Even those who doubt Knox’s innocence can’t deny that she was unfairly villainized. The police and press stole and misinterpreted her journals, bugged her, twisted her words, and spread lies. (For example, it was reported that receipts proved she bought bleach after the murder, but the receipts were actually from before the crime, and were for pizza.)
But Knox made it easy on the corrupt police by making mistake after mistake. I imagine that while Amanda Knox wrote her book Waiting To Be Heard, she constantly smacked her forehead and said, “Why did I do that?! What was I thinking?!”
1. She didn’t hire a lawyer. The police told her that getting a lawyer would make it look like she was unwilling to cooperate. Hasn’t she seen Law And Order? And everyone deserves to be represented by someone who, oh, I don’t know, speaks the language that will be spoken during the trial. Knox’s Italian roommates got lawyers immediately, and they weren’t even being targeted or interrogated. She should have followed suit.
2. She didn’t cry. Initially Knox showed a lack of emotion, remaining oddly stoic and refusing hugs from Meredith Kercher’s friends. Unfortunately, we live in a world where people judge innocence based on a suspect’s emotions. And many were left wondering why Amanda wasn’t more upset.
3. Then she got angry. When Natalie, one of Kercher’s friends, said she hoped Kercher did not suffer, Knox snapped, “how could she not have suffered? They cut her f*cking throat! Bastards!” In this case, her emotions were not in line with everyone else’s, and people were shocked that she seemed to be lashing out at Kercher’s friends, the same people who would serve as witnesses for the prosecution.
4. She stayed in Perugia. Knox probably could have gone home immediately, but, thinking she could help the police, she stayed in Perugia. The whole time she thought she was assisting the case, well, she was—because she was incriminating herself with all the “help” she was giving.
5. She was weird. According to Knox, she got along well with Kercher. But she notes that when they lived together, she sang loudly (and that everyone thought she was crazy for it) and that once, Kercher had to remind her to brush the toilet after every use. Reading between the lines, that means Kercher might have thought Knox was pretty weird—annoying, even—and lacking in personal hygiene. When Kercher’s friends were put on the stand, they all said that Kercher thought Knox was unusual. They pointed to the toilet brush incident, suggesting the girls were at odds. What may very well have been regular roommate communication issues were interpreted as potential motives for murder.
6. She made bad jokes. In her journal, the one that was confiscated by the police without her knowledge, Knox joked, “I’d really like to say I could kill for a pizza but it doesn’t seem right.”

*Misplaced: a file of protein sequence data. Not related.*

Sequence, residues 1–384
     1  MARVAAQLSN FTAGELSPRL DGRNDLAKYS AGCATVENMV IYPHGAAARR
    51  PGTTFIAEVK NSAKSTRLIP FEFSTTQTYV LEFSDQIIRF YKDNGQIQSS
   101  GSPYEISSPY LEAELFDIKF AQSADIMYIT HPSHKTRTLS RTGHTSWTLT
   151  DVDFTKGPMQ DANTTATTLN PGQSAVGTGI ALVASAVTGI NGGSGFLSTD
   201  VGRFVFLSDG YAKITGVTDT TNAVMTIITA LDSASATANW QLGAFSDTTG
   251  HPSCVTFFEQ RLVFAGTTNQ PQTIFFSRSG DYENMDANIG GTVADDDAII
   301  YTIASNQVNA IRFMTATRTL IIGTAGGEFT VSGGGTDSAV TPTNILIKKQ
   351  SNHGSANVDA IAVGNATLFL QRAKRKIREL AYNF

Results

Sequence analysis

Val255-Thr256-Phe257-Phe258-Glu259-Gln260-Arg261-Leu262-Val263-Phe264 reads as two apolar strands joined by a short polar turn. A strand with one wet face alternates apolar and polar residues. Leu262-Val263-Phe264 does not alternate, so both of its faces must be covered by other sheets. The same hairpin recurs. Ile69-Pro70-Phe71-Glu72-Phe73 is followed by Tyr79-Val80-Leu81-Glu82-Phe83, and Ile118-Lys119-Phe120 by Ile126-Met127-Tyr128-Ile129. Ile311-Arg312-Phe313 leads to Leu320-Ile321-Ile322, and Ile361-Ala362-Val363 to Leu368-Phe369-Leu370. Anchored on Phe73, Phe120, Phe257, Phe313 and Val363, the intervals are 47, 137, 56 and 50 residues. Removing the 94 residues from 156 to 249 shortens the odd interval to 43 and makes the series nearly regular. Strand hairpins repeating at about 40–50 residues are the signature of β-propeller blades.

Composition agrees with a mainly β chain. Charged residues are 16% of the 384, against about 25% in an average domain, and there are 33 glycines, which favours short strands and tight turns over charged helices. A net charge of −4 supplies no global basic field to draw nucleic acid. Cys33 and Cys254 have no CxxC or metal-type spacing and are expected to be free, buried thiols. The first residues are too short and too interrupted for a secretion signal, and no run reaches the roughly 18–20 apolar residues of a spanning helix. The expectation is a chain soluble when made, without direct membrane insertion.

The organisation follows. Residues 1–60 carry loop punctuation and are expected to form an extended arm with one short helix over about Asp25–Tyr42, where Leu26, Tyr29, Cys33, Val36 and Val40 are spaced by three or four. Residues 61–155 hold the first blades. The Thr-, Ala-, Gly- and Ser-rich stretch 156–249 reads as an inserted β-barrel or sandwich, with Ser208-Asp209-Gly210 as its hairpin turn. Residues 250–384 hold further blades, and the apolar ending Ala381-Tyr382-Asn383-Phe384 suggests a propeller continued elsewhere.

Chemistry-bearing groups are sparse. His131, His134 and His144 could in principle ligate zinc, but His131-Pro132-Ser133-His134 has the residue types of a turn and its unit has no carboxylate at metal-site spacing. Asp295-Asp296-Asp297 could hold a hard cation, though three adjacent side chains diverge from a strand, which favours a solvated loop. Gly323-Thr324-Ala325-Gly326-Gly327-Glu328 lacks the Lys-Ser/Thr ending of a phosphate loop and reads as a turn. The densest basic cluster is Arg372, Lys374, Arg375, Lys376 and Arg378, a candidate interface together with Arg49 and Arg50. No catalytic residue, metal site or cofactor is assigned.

7. She acted like she was in a musical. The media reported that when brought back to the crime scene in her sanitized booties, Knox jumped out like a Broadway star and said, “ta-daa!” This seemed like more inappropriate behavior from someone whose roommate had just been murdered. Knox says she acted this way because she had just been reprimanded for complaining, and she wanted to appear cheerful.
8. She had a pink bunny vibrator. Before she for Perugia, one of Knox’s friends gave her a pink bunny vibrator to use “until she met her Italian Stallion.” Kercher’s friends claimed Kercher thought it was a tad uncouth that the bunny was on display in the bathroom. (Perhaps it was a British thing.) And prosecution claimed it indicated she was a loose woman. Knox says it was just a gag gift that she never used.
9. She bought red undies. Before she was detained, Knox and her boyfriend Raffaele Sollecito went to a cheap clothing store so she could buy clean underwear, since she was unable to go back to her villa to get her own clothes. It became public knowledge that she chose red. The store clerk reported that it was a “lacy G-string” (Amanda says it wasn’t) and said that after it was purchased, Sollecito said, “I’m going to take you home now so we can have wild sex.” Maybe that story would have been different if she had considered white or grey or nude. Maybe.
10. She implicated her boss. The worst thing Knox did was implicate her ex-boss Patrick Lumumba in the murder. (He had nothing to do with the crime and was cleared.) To be fair, she had been interrogated for hours, and under these conditions, people are known to lie if they think it will get them off the hook.
11. She never remained silent. She claims the police never read her her rights, so she didn’t know that she could just shut up. But instead she talked herself into a hole.
12. She didn’t call the American Embassy. Her aunt in Germany suggested it, but she didn’t think she was in a serious-enough situation to justify calling the embassy.
13. She skipped Kercher’s vigil. A few days after the murder there was a candlelight vigil in Kercher’s memory. Sollecito couldn’t go, and fearing her safety, Amanda didn’t want to go alone. So she skipped. And it just sort of looked bad. (Since she was already under suspicion, it also would have looked bad had she attended.)
14. There wasn’t enough variation in her everyday life. When the police asked Knox where she was, what she was doing, who she was with, etc., she couldn’t remember, because she and Sollecito “had done some variation of watching a movie, cooking, reading Harry Potter, having sex, and smoking every day for a week.” Since she couldn’t remember, her story (and her credibility) got muddled.
15. She thought the prosecutor (Pubblico Ministero) was the mayor. I’m shocked there wasn’t more lost in translation throughout all of this, but Knox, for a good portion of her questioning, thought that the prosecutor was actually on her side, or at least of an impartial party. Oops.
Have you read Knox’s memoir? What did you think of it?